Fighting hate speech with... games?

No More Haters is a collection of games to help young people detect and fight hate speech.

Fighting hate speech with... games?

This project was developed with Carlos Hernández as Commit Sans, our design & development studio.

The client & the project

We still didn’t know what was a coronavirus by the time our friend David from Newtral Citymapper intro-ed us to David from, the press asociation that fights fake news; it turned out that they needed an extra pair of hands for a pretty cool project that was being cooked with FAD and

NO MORE HATERS was an app to help young people detect and fight hate speech. We would develop and design the product and game mechanics, and they’d produce the content. We had experience developing game mechanics and PWAs, and their team seemed really nice, so we offered them those two pairs of hands.

The process

Visual inspo / competition benchmark

To find inspiration and build a sort of common visual universe, we started to review education apps (Duolingo, Memrise, Khan Academy…) and brain training type games (Peak, Elevate…). The product that inevitably came to mind when we thought of fun games for people of a relatively wide age range was Duolingo (below), which relies heavily on its original iconography and illustration. 

Another great inspiration was the work done by Nexus Studios for Headspace:

When the starting gun went off, the team was still working on the content -which was also going to be multi-language- so we had to start designing without knowing how long the texts would be, what kind of scenarios we were going to have, etc. The content is, to a large extent, what defines the layout.

If you have big, cool images you can do this, and if you have eye-catching headlines and interesting stories you can do that, but because we had none of that, we rolled up our sleeves and started designing an interface full of placeholders that would soon start to take shape.

We also started searching for a partner to help us with the illustrations.

Designing characters without race, gender or age

As I was telling you above, one of our biggest inspirations for this project was Duolingo. A while back they updated their branding to include diverse characters to help them make the games and some interactions more friendly, and represent the different types of users that a global product can reach.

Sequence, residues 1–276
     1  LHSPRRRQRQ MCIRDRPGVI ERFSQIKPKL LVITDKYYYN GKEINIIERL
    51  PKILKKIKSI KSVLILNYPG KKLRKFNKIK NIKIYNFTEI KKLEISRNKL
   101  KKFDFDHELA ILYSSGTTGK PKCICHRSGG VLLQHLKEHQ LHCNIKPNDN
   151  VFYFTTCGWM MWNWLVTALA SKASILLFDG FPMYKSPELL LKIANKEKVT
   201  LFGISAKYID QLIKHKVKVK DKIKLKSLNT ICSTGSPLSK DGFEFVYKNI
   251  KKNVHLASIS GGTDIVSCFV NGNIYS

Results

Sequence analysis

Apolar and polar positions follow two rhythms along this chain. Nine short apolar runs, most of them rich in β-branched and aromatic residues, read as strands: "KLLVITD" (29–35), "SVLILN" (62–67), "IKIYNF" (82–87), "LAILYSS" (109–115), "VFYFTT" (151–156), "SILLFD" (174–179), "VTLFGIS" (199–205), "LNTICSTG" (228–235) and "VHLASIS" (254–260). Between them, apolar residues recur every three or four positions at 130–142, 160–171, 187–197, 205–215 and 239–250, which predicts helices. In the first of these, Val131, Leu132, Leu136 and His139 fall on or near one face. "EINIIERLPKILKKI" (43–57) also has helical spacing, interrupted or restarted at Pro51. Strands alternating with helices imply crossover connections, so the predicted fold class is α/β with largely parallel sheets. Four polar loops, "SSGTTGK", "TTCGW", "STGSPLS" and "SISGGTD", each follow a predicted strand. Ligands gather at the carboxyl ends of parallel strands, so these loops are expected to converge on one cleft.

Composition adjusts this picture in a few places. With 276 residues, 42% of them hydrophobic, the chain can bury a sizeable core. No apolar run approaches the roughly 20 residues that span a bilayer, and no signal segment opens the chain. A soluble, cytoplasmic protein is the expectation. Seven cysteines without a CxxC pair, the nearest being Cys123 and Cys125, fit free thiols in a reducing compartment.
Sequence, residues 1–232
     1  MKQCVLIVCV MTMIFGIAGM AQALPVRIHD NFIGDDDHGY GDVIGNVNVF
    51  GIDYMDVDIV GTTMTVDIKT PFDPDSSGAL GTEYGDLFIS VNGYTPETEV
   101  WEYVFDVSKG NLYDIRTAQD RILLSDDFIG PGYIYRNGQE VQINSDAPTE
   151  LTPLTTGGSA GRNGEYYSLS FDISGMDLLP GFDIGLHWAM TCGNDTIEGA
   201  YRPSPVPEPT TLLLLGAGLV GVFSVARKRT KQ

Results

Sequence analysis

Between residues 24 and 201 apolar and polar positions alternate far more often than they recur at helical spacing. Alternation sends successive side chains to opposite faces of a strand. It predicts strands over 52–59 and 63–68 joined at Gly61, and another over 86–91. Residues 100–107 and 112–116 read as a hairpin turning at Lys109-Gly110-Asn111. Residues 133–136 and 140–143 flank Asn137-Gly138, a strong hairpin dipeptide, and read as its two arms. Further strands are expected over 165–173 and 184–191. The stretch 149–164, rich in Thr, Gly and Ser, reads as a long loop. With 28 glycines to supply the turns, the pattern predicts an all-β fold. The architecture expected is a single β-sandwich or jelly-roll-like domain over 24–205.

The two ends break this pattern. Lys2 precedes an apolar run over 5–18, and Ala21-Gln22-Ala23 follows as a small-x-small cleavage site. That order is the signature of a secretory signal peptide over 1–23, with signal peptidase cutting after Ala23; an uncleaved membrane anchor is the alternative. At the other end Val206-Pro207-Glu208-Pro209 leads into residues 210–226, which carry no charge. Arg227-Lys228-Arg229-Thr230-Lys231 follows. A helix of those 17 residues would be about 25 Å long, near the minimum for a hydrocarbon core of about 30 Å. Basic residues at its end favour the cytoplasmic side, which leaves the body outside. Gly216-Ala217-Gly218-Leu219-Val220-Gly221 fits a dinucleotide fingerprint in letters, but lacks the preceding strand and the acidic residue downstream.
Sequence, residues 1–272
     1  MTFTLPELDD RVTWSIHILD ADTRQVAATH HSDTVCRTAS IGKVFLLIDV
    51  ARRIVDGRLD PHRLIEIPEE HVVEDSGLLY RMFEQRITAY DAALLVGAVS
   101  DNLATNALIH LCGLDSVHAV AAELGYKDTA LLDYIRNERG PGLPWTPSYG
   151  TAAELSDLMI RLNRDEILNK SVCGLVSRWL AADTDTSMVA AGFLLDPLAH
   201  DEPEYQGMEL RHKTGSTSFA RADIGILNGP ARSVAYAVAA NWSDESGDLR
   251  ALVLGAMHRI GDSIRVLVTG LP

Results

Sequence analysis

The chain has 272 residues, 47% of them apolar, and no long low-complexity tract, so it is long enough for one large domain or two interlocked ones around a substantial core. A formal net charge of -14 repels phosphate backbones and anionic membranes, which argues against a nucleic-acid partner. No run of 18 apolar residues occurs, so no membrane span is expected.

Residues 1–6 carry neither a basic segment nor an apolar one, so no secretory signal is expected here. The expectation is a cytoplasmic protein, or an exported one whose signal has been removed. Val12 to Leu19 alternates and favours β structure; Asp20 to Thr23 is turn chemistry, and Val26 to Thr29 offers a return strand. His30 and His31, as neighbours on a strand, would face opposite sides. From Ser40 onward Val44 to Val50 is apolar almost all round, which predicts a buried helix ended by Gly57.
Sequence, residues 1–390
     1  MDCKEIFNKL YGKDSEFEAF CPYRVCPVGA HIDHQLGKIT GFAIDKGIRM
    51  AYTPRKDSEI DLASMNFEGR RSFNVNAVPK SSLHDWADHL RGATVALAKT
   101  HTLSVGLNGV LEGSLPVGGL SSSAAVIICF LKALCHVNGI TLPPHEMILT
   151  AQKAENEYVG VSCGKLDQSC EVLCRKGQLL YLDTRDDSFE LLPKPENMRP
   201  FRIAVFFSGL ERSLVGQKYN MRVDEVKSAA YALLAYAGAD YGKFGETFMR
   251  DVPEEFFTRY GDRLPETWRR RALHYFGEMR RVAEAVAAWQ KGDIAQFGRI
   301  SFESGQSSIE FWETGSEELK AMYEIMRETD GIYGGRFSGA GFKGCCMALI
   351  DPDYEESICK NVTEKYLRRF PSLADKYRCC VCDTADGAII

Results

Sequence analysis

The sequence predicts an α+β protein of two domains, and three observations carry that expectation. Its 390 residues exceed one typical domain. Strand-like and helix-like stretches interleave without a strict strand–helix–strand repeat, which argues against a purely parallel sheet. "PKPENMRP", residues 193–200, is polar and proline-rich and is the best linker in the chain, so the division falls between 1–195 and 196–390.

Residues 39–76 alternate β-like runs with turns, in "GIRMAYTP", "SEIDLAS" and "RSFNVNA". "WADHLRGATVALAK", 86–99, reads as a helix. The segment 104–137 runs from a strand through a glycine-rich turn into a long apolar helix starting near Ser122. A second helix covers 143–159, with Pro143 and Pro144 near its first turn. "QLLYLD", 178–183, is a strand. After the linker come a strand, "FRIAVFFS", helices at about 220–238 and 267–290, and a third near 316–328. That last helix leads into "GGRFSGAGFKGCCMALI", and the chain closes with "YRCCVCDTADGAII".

Coolors screenshot

There’s no one at Commit Sans who has much of a knack for illustration, so we opened up the phonebook and started calling our buddies. Deivid Sáenz recommended us to talk to Silvia Fernández Palomar, the designer of Ferpal Sans: the typography for the San Isidro 2018 posters, which was later adapted by the Madrid City Council for its street signs.

We got in touch with her, and after talking for a while about her projects and our plans for NO MORE HATERS, we saw that working together could be amazing. We started with the briefing: we needed characters without gender or ethnic markers with a certain expressiveness for a digital product focused on people between 14 and 25 years old; not too childish, not too adult.

Why do I say with a certain expressiveness? Because we would use them to positively reinforce the users when they answered a question correctly, or to avoid discouragement when they made a mistake. They had to have a face, at least! In no time Silvia had a moodboard ready to help us find an identity that would fit the briefing.

We all really liked the neon blobs poster with the yellow background (top right, marked with a heart). Something like that seemed easy to design and hack. Silvia also liked the geometric shapes of the poster with the black background at the bottom right, and the idea of making modular characters in the central panel.

Silvia made us two proposals to share with the client so we could see how they felt about each of them: what they liked more about the first one, what they would like to keep from the second one, etc.

We liked the first one (left) much more for its potential to build an illustration system and adapt each character or each little head for each interaction with the product. Of the second one (right) we all liked best the idea that the dolls should also have mouths to better express emotions. Silvia iterated the characters in record time and sent us some possible UI applications that we loved:

The updated characters from “proposal A” applied to the UI

We showed different variations to family and friends of acquaintances in the age ranges that had defined, and we immediately confirmed that NO MORE HATERS was starting to rock.

Brand ➔ User Interface

Laura from Maldita sent us the brand manual designed by NSUE and we opened a new project in Figma to start generating the type system and color system. For the type, Montserrat; for the color, the manual only included #e1052d and pure black #000000, so we started generating variations of red and left the secondaries, accents, etc. for a little later. 

Coolors screenshot Coolors is an amazing tool for comparing harmonics and for simulating protanopia and other conditions

We turned up the black brightness a bit to avoid too high a contrast with the white background, but don’t tell that to the NSUE folks. 

Front-end ⬌ Figma

We imported into Figma the Material components to make a first prototype. We already knew we were going to develop in vue.js + Vuetify, so if the designer (yours truly) didn’t get too clever customizing the Material components, we could go from prototype to real working thing relatively quickly.

The requirements were:

  • Create an account (client requirement), and therefore:
  • Edit or delete your profile
  • A way to access the three games.
  • A way to see your score in relation to other players.
  • A way to search for hoaxes using the engine.

One of the use cases was for a teacher to open it on the class computers to play with the students, so the web app should also be able to be played comfortably from a big viewport. So we decided to create a container with maximum width that could display all the menus on any computer screen, big or small.